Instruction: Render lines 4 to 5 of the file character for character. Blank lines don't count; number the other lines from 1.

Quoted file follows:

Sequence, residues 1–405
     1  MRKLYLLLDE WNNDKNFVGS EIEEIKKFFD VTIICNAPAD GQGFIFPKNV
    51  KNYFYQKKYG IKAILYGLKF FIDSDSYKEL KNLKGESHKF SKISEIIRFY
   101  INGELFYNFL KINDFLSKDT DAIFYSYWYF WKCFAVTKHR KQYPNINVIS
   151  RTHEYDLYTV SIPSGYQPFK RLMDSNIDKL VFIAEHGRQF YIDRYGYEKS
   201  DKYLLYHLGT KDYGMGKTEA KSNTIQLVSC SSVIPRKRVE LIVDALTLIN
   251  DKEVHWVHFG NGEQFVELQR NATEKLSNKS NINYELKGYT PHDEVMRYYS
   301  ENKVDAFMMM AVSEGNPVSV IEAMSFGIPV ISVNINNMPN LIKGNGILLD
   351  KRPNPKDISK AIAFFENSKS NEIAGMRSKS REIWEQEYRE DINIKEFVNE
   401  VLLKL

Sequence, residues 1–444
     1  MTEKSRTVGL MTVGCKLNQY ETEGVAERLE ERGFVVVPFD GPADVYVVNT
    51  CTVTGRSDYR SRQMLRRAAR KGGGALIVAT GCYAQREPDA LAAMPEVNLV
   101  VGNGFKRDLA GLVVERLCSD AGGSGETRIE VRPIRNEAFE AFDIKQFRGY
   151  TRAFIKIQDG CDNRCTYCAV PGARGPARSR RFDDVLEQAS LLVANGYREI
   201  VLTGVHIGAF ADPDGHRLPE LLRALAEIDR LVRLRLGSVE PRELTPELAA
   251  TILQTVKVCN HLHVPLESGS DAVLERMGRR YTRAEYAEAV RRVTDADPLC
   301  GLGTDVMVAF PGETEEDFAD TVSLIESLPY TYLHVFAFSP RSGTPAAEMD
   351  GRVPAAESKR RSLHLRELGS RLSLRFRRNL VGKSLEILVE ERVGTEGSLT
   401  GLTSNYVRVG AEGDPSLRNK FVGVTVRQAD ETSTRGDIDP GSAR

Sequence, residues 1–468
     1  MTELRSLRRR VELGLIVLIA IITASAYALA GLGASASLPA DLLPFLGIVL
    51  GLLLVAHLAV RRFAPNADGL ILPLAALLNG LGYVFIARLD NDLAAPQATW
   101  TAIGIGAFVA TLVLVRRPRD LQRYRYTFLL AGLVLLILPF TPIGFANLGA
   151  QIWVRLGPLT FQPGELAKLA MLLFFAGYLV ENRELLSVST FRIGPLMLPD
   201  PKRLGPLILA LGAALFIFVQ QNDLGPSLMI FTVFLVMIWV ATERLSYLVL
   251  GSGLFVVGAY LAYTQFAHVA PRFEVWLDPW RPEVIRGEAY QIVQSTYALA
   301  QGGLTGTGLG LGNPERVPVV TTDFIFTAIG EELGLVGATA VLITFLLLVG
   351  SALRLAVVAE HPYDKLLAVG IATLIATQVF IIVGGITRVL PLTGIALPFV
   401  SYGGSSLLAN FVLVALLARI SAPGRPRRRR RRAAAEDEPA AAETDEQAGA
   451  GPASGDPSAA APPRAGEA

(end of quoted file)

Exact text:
   101  INGELFYNFL KINDFLSKDT DAIFYSYWYF WKCFAVTKHR KQYPNINVIS
   151  RTHEYDLYTV SIPSGYQPFK RLMDSNIDKL VFIAEHGRQF YIDRYGYEKS